Have you ever woken up in the middle of the night, maybe having been roused by a mysterious noise, and tried to look around the room while your eyes adjusted to the dark? That unsettled feeling is exactly what Kyle Edward Ball’s new horror film, Skinamarink, aims for: an atmosphere where you’re not quite sure if you’re still dreaming, and where every shadow on the wall is imbued with menace. The movie, Ball’s debut feature, has been building buzz on the festival circuit since last summer and became something of a viral sensation even before it arrived in theaters. But although the film’s TikTok success might be algorithmic, the moody clips that have circulated online demonstrate real cinematic purpose.
Skinamarink is light on plot and even lighter on camera movement. It’s made entirely of inscrutable, grainy images that you might spend most of your time trying to decipher before the camera eventually cuts away. The story, such as it is, is bone-chilling: Two kids, Kevin and Kaylee (played by Lucas Paul and Dali Rose Tetreault), wake up in the middle of the night to find their father gone; over the course of the evening, the doors and windows in their house start to vanish as well, trapping them in some sort of supernatural domestic prison. But despite that premise, the children’s experiences are presented with deep abstraction and very little narrative structure.
In reality, Skinamarink is just a 100-minute symphony of the vibes being very, very off, a crescendo of creeping dread that eventually overwhelms the viewer. You’ll spend the early portion of Skinamarink wondering just what is going on; whenever something finally does come into focus, the perspective shifts, and the larger mystery endures. The film cost $15,000 Canadian dollars to make and was shot entirely in Ball’s childhood home in Edmonton, lending the work further authenticity.
Is Skinamarink scary? Part of its popularity since its debut at Montreal’s Fantasia Film Festival lies in its understanding of “liminal horror,” a subgenre that taps into the eeriness of nondescript, abandoned spaces. The movie’s central house has a vaguely retro feel, with wood paneling and outdated, sinister-seeming toys strewn about. And because the action plays out in mostly static shots that are aimed at a wall, or a ceiling, or a piece of furniture, Ball invites the audience to conjure up their own bogeymen. The longer the camera looks at something ostensibly mundane, the harder the viewer tries to find the terrible thing that must be hiding in it. When Kevin calls out for his father, slowly searching for him in the dark, the scene is lit only by an old-fashioned television playing classic cartoons. The setting is akin to a murderer’s home in a grimy 1970s horror movie, and the low-res footage and whispered, panicked dialogue evoke the DIY-style hits of yesteryear, such as The Blair Witch Project and Paranormal Activity.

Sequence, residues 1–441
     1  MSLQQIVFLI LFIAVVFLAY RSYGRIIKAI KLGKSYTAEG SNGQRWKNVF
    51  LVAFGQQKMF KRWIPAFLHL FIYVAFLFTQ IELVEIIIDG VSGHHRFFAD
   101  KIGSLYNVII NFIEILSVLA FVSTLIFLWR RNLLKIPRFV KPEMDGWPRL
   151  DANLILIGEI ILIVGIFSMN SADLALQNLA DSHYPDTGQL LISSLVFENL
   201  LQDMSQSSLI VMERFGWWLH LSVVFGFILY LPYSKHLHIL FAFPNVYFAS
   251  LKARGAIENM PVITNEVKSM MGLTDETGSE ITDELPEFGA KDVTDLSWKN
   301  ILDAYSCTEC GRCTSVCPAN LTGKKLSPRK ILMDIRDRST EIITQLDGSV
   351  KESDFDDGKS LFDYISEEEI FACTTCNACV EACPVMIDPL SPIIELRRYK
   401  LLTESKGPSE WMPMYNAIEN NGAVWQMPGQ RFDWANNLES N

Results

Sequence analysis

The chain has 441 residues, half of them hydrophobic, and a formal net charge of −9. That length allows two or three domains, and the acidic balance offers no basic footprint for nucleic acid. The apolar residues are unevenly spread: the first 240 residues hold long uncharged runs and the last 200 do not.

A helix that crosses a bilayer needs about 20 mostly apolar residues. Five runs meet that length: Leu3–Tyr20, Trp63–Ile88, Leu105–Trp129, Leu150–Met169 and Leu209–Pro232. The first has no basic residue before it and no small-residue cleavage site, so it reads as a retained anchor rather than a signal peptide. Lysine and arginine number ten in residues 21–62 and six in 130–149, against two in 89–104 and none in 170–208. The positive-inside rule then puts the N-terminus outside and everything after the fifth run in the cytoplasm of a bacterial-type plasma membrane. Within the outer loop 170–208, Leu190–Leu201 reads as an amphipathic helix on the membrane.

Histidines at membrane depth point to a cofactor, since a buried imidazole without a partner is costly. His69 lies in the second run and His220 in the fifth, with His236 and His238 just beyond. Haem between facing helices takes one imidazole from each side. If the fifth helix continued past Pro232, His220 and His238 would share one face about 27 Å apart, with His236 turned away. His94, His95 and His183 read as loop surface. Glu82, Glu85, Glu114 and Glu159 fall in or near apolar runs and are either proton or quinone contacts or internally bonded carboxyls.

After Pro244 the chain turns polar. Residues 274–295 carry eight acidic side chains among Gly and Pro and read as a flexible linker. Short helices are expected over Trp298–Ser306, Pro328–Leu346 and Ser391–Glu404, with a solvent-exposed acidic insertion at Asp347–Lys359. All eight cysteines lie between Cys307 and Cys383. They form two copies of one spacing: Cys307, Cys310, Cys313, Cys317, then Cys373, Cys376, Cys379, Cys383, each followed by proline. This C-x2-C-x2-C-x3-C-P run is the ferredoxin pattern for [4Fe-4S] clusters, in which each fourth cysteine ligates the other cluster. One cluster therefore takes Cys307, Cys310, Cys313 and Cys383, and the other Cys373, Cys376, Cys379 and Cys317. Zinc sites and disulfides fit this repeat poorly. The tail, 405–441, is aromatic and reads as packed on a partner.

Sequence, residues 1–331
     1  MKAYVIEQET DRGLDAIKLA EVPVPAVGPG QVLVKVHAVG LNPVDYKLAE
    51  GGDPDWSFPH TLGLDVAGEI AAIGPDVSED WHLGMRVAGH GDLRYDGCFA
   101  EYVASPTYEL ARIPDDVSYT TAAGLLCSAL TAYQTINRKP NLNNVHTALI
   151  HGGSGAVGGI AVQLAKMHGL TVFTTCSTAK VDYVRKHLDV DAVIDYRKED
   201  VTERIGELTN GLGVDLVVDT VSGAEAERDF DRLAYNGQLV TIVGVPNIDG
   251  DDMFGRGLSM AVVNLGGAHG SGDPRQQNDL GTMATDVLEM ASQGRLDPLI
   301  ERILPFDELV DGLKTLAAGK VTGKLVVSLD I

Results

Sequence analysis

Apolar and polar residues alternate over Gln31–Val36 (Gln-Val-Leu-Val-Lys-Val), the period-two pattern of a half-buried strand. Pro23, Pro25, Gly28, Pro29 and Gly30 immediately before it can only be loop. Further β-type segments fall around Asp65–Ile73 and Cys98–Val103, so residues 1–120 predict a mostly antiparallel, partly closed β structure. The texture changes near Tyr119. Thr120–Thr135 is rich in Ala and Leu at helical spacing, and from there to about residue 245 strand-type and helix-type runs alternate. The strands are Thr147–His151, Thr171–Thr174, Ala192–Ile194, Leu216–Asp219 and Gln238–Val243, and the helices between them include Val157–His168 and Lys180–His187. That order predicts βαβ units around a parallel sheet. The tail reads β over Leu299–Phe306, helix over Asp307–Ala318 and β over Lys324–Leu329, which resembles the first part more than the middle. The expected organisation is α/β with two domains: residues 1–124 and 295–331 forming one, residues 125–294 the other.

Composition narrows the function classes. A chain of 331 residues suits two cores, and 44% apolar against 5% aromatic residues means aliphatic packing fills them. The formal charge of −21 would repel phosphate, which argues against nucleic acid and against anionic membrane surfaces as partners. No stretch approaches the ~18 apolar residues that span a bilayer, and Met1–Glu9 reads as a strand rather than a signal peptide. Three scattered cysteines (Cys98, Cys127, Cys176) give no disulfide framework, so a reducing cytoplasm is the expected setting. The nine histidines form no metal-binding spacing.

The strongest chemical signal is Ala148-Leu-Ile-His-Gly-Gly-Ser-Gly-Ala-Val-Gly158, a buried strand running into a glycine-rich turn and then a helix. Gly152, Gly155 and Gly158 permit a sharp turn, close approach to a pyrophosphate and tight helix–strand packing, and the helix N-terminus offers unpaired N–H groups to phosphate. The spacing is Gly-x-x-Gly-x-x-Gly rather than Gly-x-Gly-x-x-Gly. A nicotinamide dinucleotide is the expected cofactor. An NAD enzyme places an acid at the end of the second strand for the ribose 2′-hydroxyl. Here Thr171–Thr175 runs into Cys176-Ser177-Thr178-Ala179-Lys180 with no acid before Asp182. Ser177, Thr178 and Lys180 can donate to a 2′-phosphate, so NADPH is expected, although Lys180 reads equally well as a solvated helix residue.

But those movies had pretty clearly defined plots, in which characters were besieged by demonic forces. In Skinamarink, viewers have to solve the film’s puzzle on their own. Moving around the house, Kaylee and Kevin occasionally hear a disembodied voice give orders such as “Come here” and “Look under the bed.” As with any standard horror film, you definitely don’t want them to follow those instructions—but you also very much do, if it means uncovering more clues.
That’s why Skinamarink, for all its dreaminess, is a successful horror film: Like many of the genre’s greatest examples, it has a sense of discovery and terrifying wonder. It’s obviously best experienced in cinemas, but a late-night viewing at home is also quite effective; either way, soaking oneself in the evil ambience is a necessity. Skinamarink evokes the feeling of being caught in a dream you can’t wake up from; as a viewer, I delighted in being unable to escape its strange grasp.